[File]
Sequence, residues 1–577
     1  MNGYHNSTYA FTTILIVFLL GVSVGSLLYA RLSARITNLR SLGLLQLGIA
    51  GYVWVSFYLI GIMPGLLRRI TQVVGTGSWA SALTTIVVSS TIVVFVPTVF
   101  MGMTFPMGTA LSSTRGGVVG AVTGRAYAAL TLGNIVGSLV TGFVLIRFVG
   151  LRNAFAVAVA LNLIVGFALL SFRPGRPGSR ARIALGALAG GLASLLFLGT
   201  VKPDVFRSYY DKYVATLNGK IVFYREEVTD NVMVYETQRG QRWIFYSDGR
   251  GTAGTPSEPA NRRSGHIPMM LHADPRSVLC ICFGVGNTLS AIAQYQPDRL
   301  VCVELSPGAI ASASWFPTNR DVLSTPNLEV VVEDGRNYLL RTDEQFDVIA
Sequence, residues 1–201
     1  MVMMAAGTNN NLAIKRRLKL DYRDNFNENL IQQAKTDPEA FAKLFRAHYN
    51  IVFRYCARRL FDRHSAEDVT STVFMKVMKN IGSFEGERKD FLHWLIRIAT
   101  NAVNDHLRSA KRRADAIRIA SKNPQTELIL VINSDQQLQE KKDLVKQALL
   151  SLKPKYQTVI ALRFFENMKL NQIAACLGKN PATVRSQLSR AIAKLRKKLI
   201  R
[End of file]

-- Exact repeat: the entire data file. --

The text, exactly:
Sequence, residues 1–577
     1  MNGYHNSTYA FTTILIVFLL GVSVGSLLYA RLSARITNLR SLGLLQLGIA
    51  GYVWVSFYLI GIMPGLLRRI TQVVGTGSWA SALTTIVVSS TIVVFVPTVF
   101  MGMTFPMGTA LSSTRGGVVG AVTGRAYAAL TLGNIVGSLV TGFVLIRFVG
   151  LRNAFAVAVA LNLIVGFALL SFRPGRPGSR ARIALGALAG GLASLLFLGT
   201  VKPDVFRSYY DKYVATLNGK IVFYREEVTD NVMVYETQRG QRWIFYSDGR
   251  GTAGTPSEPA NRRSGHIPMM LHADPRSVLC ICFGVGNTLS AIAQYQPDRL
   301  VCVELSPGAI ASASWFPTNR DVLSTPNLEV VVEDGRNYLL RTDEQFDVIA
Sequence, residues 1–201
     1  MVMMAAGTNN NLAIKRRLKL DYRDNFNENL IQQAKTDPEA FAKLFRAHYN
    51  IVFRYCARRL FDRHSAEDVT STVFMKVMKN IGSFEGERKD FLHWLIRIAT
   101  NAVNDHLRSA KRRADAIRIA SKNPQTELIL VINSDQQLQE KKDLVKQALL
   151  SLKPKYQTVI ALRFFENMKL NQIAACLGKN PATVRSQLSR AIAKLRKKLI
   201  R